Merigian Studios


Lighting Candles

Lighting Candles

I had a new patient come into the office this past week who had a number of medical maladies. She came with a friend to help her remember the bits and pieces of our conversation about her physiological disturbances that seemed obscure or disconnected at the time in which she heard them.

Her friend is also a patient and had gone through a similar adventure several months ago. However her friend had so much brain fog at the time of her first evaluation, she was unable to recall much of her first evaluation or my thoughts about what was out of accord and why they needed to be addressed. She was much more clear headed now.

It took three hours to decipher the historical and clinical data. It is always a difficult and arduous task to examine every small piece of clinical data and bring them all together into one cohesive group of disturbances, showing how one factor effects another and another and another.

At the end of the session, the patient sat quietly for a moment. She looked at me and said, "In your health questionnaire, you asked a lot about our personal religious beliefs. Why is that?" I looked at her calmly, "Because there are so many flavors of religious worldviews in Memphis and the Mid-south. I'm not here to offend anyone. I'm sensitive to people who believe differently. I don't want to insult people by saying the wrong thing or dismissing something important to them." She then courageously asked, "What do you believe?"

Fear overcomes most people who are asked to take their clothes off in front of a perfect stranger, especially when one does not know how the other person will respond to their naked authenticity. I remember an episode many years ago when I explained my beliefs about God and religion to a patient, she quickly called me a Demon Healer and stormed out of the office as if I were the Devil incarnate. A strange and interesting feeling overcame me when the patient called me a Demon Healer. It did not bother me since I do not believe in such poppy cock. None-the-less it affected me in some mysterious way. And when people ask me about my personal beliefs about the Universe, order of the life on Earth and organized religion, I always wonder if at that moment, I am there to help someone else look beyond their personal worldview if ours are different or am I actually revealing to them that I am a Demon Healer.

I smiled at her before I spoke, "I don't believe in a personal God. So if your belief is that a theist is someone who believes in a personal God, I think you would label me an atheist."

She did not blink an eye. She asked, "What does that mean?" We were way past the time allotted for a new patient visit, another patient was waiting to be seen. But I realized it was very important for her to understand what I believed and perhaps how I got there. This is what I tried to tell her.

When I was a young child, I lived for a brief three or four years with my mother after she and my dad divorced. She was not skilled in the art of childcare in the very least. She churched hopped. I was baptized in the Presbyterian Church, then later in the Methodist Church. I did not know what any of the ceremonial water washings meant, but I was baptized none the less.

When my mother placed me and my siblings in foster care, church was absent from our lives. I just hoped that each day would render me food to eat, a chance to go to school and return home unharmed. God was never a part of my worldview. In one home, the father of the family was extremely abusive. He had beaten me with a black rubber hose numerous times. I do not recall ever challenging God's will during these episodes of physical trauma. I just thought that the world had evil in it and I was unfortunate enough to be living where evil resided also.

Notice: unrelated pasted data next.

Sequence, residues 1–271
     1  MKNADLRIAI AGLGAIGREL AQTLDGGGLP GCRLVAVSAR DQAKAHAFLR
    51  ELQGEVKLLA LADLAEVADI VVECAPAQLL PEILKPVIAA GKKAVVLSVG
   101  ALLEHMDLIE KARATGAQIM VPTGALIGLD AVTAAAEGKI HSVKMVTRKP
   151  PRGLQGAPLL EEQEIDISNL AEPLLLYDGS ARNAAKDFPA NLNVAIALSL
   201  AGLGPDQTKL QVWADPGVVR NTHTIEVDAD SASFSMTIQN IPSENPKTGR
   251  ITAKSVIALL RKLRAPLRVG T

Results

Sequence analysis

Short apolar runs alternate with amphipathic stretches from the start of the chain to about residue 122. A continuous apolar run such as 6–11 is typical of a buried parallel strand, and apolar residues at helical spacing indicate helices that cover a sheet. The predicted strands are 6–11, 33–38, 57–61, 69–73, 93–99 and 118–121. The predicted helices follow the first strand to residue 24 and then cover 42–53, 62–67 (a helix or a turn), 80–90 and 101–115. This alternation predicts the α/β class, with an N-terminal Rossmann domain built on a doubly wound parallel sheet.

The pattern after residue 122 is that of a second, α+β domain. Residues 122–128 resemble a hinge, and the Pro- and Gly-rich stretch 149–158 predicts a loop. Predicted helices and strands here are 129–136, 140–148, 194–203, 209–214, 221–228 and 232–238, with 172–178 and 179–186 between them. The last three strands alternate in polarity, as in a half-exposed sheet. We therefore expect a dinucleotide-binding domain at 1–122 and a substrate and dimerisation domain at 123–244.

Fate ultimately stepped in and my father got custody of me, my younger brother and my older sister. From that moment on, we were reared by my traditional loving Armenian grandmother. She made sure we went to church every Sunday at the Armenian Apostolic Church in Detroit. We had bible study classes and attended the four hour mass on occasion. The sermon was always given by the priest in an Armenian dialect that even my grandmother could not understand. But none-the-less, we went to church.

I was bullied at church by a group of kids, one young boy in particular. When I was eleven years old, during a Sunday school session, this kid continuously kicked me under our classroom tables in the class room. Being kicked in the shins is not a fun and wonderful experience. I asked the teacher to tell him to stop, but she ignored me. As he kicked harder and harder, I finally could not ignore his violent attacks any more. I told him that if he kicked me one more time, he would have hell to pay. He did it and uttered "What cha gonna do about it." I leaped out of my chair, grabbed him by the throat, threw him down on to floor and punched him about six or seven times square in his face. His nose was bloodied, his eyes were swollen and he was crying like a small newborn baby in the nursery of a hospital. The female teacher grabbed me and I got off of him. She told me that fighting was not allowed in Sunday school. I told her that the bible had hundreds of passages about war and fighting. That comment got me sent to the Deacon's office. The teacher consoled the bully as I left the classroom. Several young girls made fun of me on my way out. The deacon looked at me and asked me why I had so much blood on my white shirt. When I told him what happened he immediately expelled me from Sunday school, telling me that I needed to turn the other cheek. I did not grasp his metaphor at the time. I was sent to the church hall to join my grandmother as mass was occurring.